Naperville Business Lawyer on Common Mistakes to Avoid When Selling Your Business

selling, Naperville business law attorneyMaking the decision to sell a business is never easy. If you are a business owner, you have probably invested a tremendous amount of time, energy, and effort into running the company. You might be interested in selling the business because you are ready to retire, you want to move on to new business ventures, or because you are simply ready for a change. Whatever your reasons may be, selling a business can be a complicated process.

In my practice as a business law attorney, I have helped many clients successfully sell their businesses, often at a significant profit. To maximize the benefits of the sale and to prevent needless frustration, be sure to avoid some of the most common mistakes business owners that make when they are looking to sell a business.

Being Underprepared for the Sale

Before you begin taking steps to sell the business, it is important to make your business as attractive as possible to potential buyers. A strong customer base, consistent income, long-term contracts, and increasing profits can all make your business especially appealing to potential buyers. Furthermore, a thorough buyer will likely want to review several years’ worth of profit and loss statements, tax returns, supplier and vendor contracts, bank statements, leases, and other paperwork. Start organizing this information now. The majority of brokers suggest business owners begin preparations at least two years before they list the business for sale, so avoiding procrastination is crucial.

Overvaluing or Undervaluing Your Business

You have probably put a great deal of blood, sweat, and tears into building your business. Understandably, the great personal investment many business owners put into their company can sometimes cause them to overestimate the financial value of the business. Other business owners underestimate the value of their company because they do not account for things like future opportunities for growth.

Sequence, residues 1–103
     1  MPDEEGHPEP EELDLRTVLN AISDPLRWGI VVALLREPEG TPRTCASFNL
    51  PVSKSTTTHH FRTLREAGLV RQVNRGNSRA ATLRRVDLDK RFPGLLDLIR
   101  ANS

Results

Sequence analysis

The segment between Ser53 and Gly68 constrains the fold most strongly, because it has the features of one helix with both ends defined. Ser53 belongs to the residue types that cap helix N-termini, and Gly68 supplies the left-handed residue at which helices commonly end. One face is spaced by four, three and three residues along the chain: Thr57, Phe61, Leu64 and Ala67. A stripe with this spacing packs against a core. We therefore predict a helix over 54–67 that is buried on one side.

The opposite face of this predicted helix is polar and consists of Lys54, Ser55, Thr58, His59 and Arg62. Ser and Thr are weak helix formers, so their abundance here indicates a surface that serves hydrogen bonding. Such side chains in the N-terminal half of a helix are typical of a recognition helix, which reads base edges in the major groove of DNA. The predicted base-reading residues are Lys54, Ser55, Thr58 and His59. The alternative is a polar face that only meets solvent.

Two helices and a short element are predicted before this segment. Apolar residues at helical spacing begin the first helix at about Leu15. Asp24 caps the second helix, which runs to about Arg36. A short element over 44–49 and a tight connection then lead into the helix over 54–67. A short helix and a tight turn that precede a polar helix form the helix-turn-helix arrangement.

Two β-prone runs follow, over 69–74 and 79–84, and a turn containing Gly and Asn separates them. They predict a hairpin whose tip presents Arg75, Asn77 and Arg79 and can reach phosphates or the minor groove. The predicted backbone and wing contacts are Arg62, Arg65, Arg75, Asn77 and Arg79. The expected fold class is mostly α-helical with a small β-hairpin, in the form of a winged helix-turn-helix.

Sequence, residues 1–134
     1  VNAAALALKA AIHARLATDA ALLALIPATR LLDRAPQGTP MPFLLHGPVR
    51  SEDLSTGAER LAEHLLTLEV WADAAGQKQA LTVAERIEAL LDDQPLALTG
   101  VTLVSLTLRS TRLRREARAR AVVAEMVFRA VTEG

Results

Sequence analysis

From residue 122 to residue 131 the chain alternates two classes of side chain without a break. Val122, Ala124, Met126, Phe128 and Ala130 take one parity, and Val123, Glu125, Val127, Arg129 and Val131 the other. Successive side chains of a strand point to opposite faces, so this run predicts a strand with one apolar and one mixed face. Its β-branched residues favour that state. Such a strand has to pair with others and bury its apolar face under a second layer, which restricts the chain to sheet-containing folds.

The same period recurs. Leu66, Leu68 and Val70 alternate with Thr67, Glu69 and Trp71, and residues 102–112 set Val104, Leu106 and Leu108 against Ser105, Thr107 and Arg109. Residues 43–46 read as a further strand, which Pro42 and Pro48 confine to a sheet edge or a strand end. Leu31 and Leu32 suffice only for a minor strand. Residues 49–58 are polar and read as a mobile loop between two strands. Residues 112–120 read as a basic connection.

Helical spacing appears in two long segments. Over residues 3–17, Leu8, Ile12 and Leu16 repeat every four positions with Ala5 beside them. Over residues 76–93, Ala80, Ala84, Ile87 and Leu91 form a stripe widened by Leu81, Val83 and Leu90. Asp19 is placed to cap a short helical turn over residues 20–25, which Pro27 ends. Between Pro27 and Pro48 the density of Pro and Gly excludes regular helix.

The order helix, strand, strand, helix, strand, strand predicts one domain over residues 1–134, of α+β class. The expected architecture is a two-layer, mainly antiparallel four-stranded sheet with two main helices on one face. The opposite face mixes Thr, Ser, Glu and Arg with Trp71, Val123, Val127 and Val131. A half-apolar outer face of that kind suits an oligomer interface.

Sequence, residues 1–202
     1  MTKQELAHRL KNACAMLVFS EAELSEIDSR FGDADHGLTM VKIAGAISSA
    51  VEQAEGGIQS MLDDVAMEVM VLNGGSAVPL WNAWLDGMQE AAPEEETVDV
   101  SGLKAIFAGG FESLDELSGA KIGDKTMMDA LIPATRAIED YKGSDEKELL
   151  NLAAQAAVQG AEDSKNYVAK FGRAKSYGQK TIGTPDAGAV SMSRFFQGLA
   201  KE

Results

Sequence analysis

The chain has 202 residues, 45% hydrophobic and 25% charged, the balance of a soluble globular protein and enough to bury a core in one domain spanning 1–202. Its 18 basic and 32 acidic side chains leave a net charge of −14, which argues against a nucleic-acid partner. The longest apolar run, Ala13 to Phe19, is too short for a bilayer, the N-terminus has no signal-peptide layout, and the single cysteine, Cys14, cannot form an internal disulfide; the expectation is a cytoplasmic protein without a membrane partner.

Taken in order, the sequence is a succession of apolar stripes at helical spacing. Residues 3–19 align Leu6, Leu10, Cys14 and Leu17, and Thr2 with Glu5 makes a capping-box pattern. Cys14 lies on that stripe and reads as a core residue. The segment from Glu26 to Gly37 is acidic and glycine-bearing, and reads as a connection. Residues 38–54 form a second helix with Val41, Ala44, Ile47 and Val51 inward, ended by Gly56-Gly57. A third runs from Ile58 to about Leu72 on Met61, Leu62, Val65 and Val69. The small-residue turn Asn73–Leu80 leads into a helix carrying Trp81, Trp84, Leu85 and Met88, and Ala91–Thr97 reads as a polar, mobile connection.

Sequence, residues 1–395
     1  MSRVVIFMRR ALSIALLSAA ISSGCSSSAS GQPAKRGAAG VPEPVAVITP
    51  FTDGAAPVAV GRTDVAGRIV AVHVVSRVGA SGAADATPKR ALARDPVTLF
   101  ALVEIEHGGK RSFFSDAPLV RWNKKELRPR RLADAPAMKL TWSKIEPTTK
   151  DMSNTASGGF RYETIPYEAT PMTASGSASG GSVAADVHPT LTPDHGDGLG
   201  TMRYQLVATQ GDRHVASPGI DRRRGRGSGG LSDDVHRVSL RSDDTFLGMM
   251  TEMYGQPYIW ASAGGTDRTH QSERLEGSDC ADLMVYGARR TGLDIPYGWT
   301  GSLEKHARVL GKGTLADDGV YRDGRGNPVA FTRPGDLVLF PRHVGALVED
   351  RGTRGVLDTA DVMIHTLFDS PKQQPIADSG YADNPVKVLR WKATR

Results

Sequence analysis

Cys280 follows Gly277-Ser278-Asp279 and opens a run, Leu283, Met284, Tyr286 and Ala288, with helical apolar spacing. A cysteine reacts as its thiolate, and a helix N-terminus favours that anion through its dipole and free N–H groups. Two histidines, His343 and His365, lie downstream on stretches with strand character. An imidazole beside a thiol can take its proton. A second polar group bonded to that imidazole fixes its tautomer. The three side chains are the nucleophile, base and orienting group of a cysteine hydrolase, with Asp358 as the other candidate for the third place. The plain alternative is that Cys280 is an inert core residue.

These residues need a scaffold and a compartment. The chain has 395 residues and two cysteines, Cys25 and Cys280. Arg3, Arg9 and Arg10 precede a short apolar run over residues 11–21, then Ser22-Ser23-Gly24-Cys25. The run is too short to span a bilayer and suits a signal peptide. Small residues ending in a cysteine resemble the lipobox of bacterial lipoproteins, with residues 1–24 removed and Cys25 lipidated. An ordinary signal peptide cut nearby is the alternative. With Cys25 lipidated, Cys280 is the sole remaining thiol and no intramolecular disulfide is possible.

Properly valuing your business is critical to getting a fair price. Many small businesses are priced at approximately two times the annual cash flow, but cash flow is only one of many factors that should be considered during valuation. Help from a business appraiser may be necessary to determine your business’s true value.

Forgoing a Non-Disclosure Agreement

In an ideal world, business owners could trust that the information made available to potential buyers will not be misused. Unfortunately, the reality is that business owners can be taken advantage of during sales negotiations. Dishonest individuals may pretend to be interested in buying your business when they are really just fishing for information that they can use as leverage in other business dealings.

A potential investor or buyer may have access to your business’s financial details, business strategies, client information, and more. Asking potential buyers to sign a non-disclosure agreement (NDA) or confidentiality agreement about the information they learn could protect you both legally and financially.

Contact a Naperville Business Sales Lawyer

It is never a mistake to ask for assistance, especially in complicated matters. For help drafting non-disclosure agreements, selling a business, or for other business law needs, contact an experienced DuPage County business law attorney at The Gierach Law Firm. Call our office at 630-756-1160 to schedule a confidential consultation.

 

Sources:

Investopedia

Entrepreneur

CNBC